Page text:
When I was taking AIIM’s ECM Master Class, I almost snickered when Bob Larrivieestarted talking about the Post-Implementation Review. As Bob had walked us through the ECM planning process, I observed that in many ways, it mirrored a Systems Development Life Cycle diagram. Systems development management techniques almost always suggest PIRs, but in my experience, they are rarely conducted. One of the reasons PIRs are often skipped is because the project team has moved on. Ideally, the PIR would be conducted by a different team, but those resources are often hard to assemble. Having just completed a PIR of an important ECM project, I am reminded as to why you need to wait to have this review.
Remove the Chaff – ECM implementations involve change, and lots of people are prone to resist change. Waiting 3 to 4 months helps people to move beyond their initial reactions, allowing time for a more thoughtful response. Also, at the point of implementation, users have seen examples of how the system will work, they have been trained, but they haven’t really used the system. They haven’t experienced the benefits and they haven’t actually measured the effort required. In our system, it took four months to exercise the “process” 46 times.
Get Everyone on Same Page – One of the benefits of an ECM system is that it brings consistency to the content management practice. We understand that, but we forget that people are coming into contact with this process from different places. Some of our users were using local drives and email, some were using shared folders. Some of our users collaborated on reports, others were flying solo. Four months later, our group was still getting close to all working the same way (there was still some resistance). Prior to implementation, the suggestions we were getting were based on various individual ideas. Post implementation, there was a common thread among the comments we received, and a greater likelihood of reaching a consensus quickly.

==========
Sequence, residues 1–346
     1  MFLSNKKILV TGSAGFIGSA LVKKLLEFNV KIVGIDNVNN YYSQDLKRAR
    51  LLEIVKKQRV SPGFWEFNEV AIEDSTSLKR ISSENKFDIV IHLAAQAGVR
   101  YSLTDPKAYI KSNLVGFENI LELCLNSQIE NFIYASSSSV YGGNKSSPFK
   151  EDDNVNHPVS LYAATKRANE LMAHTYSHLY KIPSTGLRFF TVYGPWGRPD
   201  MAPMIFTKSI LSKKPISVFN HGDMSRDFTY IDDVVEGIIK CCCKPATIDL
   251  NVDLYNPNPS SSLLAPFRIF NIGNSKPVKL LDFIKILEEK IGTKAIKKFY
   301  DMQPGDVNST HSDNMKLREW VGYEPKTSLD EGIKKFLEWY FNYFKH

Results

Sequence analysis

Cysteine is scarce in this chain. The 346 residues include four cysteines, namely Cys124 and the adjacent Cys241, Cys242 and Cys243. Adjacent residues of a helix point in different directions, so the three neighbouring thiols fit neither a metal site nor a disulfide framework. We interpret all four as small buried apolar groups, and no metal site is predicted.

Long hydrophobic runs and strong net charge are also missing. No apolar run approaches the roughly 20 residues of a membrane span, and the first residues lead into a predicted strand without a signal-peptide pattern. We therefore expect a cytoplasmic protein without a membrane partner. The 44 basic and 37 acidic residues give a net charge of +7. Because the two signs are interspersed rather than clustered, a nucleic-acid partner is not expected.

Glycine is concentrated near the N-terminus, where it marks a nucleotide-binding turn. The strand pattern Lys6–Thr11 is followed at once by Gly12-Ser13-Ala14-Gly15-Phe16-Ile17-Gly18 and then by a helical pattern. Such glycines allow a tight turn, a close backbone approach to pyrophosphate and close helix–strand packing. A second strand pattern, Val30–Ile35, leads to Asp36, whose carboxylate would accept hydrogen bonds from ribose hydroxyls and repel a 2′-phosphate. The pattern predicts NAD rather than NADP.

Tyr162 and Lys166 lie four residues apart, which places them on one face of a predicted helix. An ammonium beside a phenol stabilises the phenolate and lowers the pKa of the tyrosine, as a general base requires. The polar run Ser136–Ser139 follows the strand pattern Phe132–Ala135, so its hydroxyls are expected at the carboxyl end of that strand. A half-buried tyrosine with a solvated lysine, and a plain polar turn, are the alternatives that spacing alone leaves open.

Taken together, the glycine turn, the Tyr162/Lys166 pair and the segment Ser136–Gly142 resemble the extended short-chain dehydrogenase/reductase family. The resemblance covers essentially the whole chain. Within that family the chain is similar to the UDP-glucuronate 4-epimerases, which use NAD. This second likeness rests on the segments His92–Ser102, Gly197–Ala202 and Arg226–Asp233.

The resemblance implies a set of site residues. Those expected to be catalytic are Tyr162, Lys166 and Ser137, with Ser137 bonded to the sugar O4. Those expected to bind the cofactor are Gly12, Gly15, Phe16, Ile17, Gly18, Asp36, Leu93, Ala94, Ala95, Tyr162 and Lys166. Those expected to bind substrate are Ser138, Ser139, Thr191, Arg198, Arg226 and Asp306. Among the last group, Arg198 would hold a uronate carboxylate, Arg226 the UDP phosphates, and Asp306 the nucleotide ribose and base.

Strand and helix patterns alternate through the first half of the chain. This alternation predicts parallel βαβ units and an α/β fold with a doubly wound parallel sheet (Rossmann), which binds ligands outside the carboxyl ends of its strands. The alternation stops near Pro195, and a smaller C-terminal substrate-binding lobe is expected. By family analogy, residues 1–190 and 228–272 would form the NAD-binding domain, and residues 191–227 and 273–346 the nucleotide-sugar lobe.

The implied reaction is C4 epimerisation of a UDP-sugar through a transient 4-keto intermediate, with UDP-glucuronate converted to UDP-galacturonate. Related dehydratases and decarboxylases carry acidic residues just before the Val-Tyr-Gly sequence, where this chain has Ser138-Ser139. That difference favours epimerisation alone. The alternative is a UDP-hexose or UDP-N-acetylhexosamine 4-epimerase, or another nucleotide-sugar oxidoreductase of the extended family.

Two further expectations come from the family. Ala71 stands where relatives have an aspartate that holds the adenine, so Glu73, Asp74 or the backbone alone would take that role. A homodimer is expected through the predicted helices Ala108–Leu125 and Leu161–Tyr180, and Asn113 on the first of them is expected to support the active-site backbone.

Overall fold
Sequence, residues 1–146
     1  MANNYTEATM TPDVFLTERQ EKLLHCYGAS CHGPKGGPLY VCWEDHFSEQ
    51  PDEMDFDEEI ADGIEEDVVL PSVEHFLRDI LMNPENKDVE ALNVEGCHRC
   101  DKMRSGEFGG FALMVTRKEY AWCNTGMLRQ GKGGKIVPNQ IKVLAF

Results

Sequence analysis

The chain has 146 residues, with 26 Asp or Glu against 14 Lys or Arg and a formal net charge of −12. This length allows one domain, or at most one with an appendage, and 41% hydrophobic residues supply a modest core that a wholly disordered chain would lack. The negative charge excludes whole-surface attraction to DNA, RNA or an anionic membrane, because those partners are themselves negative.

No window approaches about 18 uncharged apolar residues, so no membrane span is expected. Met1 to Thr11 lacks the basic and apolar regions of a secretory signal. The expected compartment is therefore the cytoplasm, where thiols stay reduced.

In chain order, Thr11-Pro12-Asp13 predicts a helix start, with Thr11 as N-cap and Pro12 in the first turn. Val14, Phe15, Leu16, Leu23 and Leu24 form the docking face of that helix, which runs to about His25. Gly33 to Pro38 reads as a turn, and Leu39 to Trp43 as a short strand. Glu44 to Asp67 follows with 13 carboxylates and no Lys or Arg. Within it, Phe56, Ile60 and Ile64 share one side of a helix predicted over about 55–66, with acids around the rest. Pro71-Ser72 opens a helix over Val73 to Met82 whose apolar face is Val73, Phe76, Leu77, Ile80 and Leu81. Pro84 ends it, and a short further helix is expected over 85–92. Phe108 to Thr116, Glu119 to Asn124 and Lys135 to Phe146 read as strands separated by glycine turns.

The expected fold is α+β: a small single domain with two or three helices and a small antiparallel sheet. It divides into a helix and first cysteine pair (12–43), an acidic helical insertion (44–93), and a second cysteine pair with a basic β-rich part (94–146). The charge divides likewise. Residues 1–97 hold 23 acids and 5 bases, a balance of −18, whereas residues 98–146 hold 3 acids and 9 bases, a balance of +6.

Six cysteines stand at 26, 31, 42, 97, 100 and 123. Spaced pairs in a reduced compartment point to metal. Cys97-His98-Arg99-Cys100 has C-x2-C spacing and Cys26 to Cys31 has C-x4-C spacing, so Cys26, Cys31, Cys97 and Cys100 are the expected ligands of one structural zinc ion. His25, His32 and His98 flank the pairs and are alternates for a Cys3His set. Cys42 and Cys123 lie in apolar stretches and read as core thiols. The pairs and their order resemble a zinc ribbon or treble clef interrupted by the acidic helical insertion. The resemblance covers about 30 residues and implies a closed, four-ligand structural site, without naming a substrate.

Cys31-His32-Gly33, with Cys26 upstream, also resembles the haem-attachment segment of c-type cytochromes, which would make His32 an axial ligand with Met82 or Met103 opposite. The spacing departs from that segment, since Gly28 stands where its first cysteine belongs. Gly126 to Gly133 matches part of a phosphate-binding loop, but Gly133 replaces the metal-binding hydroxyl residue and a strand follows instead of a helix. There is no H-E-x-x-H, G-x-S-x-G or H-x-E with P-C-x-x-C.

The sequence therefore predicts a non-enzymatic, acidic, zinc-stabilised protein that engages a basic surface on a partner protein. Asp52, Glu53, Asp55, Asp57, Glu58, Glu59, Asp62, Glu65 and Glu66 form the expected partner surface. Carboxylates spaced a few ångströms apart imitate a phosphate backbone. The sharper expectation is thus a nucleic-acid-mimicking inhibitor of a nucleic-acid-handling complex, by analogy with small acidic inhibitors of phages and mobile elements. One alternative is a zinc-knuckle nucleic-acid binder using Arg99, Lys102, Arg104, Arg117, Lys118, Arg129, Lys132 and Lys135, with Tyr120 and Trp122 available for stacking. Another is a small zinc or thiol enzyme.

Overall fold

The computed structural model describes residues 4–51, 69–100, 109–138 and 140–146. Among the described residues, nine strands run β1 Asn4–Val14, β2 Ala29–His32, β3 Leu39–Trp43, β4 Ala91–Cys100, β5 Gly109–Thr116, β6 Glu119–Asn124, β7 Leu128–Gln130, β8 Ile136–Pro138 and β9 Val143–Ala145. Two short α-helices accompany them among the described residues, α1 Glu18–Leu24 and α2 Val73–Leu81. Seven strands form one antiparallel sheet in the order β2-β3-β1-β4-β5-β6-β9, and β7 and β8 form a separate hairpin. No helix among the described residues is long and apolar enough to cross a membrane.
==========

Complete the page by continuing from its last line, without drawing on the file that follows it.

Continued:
Standing on the Shoulders of Success – Ok, that’s a bit of hyperbole, but like all good boasting, the statement is built on an aspect of truth. In large part, our users accepted most of the features of the system we implemented. That’s important, because it gives us a certain credibility. When we talked to them about how we might implement some of the changes they do want, we are able to point to the existing features that they like.
We are still gathering information and making plans to address the additional features, and the little tweaks that need to be made. We are lucky that our users are being supportive, and helpful. This process might just work.#PIR #ECM #SharePoint